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The phrases in their context!


He can only say; If we perceived their origin and their authenticity, we should be able to determine the extent and limits of reason; but, till we can do this, all propositions regarding the latter are mere random assertions.
In this view, the doubt respecting all dogmatical philosophy, which proceeds without the guidance of criticism, is well grounded; but we cannot therefore deny to reason the ability to construct a sound philosophy, when the way has been prepared by a thorough critical investigation.
All the conceptions produced, and all the questions raised, by pure reason, do not lie in the sphere of experience, but in that of reason itself, and hence they must be solved, and shown to be either valid or inadmissible, by that faculty.
We have no right to decline the solution of such problems, on the ground that the solution can be discovered only from the nature of things, and under pretence of the limitation of human faculties, for reason is the sole creator of all these ideas, and is therefore bound either to establish their validity or to expose their illusory nature.
The polemic of scepticism is properly directed against the dogmatist, who erects a system of philosophy without having examined the fundamental objective principles on which it is based, for the purpose of evidencing the futility of his designs, and thus bringing him to a knowledge of his own powers.
But, in itself, scepticism does not give us any certain information in regard to the bounds of our knowledge.
All unsuccessful dogmatical attempts of reason are facia, which it is always useful to submit to the censure of the sceptic.
But this cannot help us to any decision regarding the expectations which reason cherishes of better success in future endeavours; the investigations of scepticism cannot, therefore, settle the dispute regarding the rights and powers of human reason.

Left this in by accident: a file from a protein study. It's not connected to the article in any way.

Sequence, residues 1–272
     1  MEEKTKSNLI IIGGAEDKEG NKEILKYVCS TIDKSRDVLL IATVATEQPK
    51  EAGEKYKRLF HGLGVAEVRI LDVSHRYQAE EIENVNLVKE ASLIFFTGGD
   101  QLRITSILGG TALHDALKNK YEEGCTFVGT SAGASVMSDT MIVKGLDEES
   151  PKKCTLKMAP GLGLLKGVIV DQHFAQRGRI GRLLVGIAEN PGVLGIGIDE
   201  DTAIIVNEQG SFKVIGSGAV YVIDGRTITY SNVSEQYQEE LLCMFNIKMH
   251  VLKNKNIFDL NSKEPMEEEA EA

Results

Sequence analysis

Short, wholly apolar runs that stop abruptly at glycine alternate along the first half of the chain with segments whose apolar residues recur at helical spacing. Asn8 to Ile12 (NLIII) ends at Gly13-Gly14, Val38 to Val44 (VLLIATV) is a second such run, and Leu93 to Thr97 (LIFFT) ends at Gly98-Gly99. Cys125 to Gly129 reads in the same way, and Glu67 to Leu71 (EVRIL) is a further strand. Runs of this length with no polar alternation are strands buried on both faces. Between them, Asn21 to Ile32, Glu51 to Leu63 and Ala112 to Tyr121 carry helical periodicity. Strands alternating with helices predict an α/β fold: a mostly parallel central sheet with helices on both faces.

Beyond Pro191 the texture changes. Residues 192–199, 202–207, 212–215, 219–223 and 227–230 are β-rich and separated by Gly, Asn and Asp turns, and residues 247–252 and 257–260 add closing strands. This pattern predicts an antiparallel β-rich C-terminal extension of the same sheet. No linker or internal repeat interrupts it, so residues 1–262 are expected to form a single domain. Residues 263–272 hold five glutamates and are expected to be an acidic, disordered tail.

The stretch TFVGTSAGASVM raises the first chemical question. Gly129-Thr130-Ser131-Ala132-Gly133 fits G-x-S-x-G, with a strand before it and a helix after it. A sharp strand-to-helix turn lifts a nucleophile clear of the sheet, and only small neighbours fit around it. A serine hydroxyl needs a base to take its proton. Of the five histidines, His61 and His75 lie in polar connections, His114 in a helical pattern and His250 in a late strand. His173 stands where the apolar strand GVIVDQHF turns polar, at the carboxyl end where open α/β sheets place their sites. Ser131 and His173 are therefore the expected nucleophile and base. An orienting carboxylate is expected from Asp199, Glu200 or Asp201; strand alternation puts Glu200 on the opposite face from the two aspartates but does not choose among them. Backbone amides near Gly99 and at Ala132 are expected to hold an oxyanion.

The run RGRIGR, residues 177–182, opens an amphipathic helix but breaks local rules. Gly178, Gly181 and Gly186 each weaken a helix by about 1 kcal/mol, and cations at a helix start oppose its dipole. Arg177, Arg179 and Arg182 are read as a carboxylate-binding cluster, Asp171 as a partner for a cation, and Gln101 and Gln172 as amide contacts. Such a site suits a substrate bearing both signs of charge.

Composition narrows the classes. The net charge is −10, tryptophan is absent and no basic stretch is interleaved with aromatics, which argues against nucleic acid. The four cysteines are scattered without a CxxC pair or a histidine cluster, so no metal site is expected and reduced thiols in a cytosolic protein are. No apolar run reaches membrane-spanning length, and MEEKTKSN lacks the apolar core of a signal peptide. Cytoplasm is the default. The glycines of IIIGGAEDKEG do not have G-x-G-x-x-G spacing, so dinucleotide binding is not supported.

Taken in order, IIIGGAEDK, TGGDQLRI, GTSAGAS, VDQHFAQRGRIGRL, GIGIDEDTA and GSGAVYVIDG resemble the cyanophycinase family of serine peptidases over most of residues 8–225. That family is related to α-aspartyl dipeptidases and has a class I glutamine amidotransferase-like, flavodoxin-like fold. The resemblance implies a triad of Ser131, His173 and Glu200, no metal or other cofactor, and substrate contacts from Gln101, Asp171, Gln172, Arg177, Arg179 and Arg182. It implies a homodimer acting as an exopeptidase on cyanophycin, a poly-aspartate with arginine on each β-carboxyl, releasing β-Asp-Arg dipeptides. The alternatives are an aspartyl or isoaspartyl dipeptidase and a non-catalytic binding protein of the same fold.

Hume is perhaps the ablest and most ingenious of all sceptical philosophers, and his writings have, undoubtedly, exerted the most powerful influence in awakening reason to a thorough investigation into its own powers.
It will, therefore, well repay our labours to consider for a little the course of reasoning which he followed and the errors into which he strayed, although setting out on the path of truth and certitude.
Hume was probably aware, although he never clearly developed the notion, that we proceed in judgements of a certain class beyond our conception if the object.
I have termed this kind of judgement synthetical.
As regard the manner in which I pass beyond my conception by the aid of experience, no doubts can be entertained.
Experience is itself a synthesis of perceptions; and it employs perceptions to increment the conception, which I obtain by means of another perception.
But we feel persuaded that we are able to proceed beyond a conception, and to extend our cognition a priorI. We attempt this in two ways--either, through the pure understanding, in relation to that which may become an object of experience, or, through pure reason, in relation to such properties of things, or of the existence of things, as can never be presented in any experience.
This sceptical philosopher did not distinguish these two kinds of judgements, as he ought to have done, but regarded this augmentation of conceptions, and, if we may so express ourselves, the spontaneous generation of understanding and reason, independently of the impregnation of experience, as altogether impossible.
The so-called a priori principles of these faculties he consequently held to be invalid and imaginary, and regarded them as nothing but subjective habits of thought originating in experience, and therefore purely empirical and contingent rules, to which we attribute a spurious necessity and universality.
In support of this strange assertion, he referred us to the generally acknowledged principle of the relation between cause and effect.
No faculty of the mind can conduct us from the conception of a thing to the existence of something else; and hence he believed he could infer that, without experience, we possess no source from which we can augment a conception, and no ground sufficient to justify us in framing a judgement that is to extend our cognition a priorI. That the light of the sun, which shines upon a piece of wax, at the same time melts it, while it hardens clay, no power of the understanding could infer from the conceptions which we previously possessed of these substances; much less is there any a priori law that could conduct us to such a conclusion, which experience alone can certify.
On the other hand, we have seen in our discussion of transcendental logic, that, although we can never proceed immediately beyond the content of the conception which is given us, we can always cognize completely a priori--in relation, however, to a third term, namely, possible experience--the law of its connection with other things.
For example, if I observe that a piece of wax melts, I can cognize a priori that there must have been something (the sun's heat) preceding, which this law; although, without the aid of experience, I could not cognize a priori and in a determinate manner either the cause from the effect, or the effect from the cause.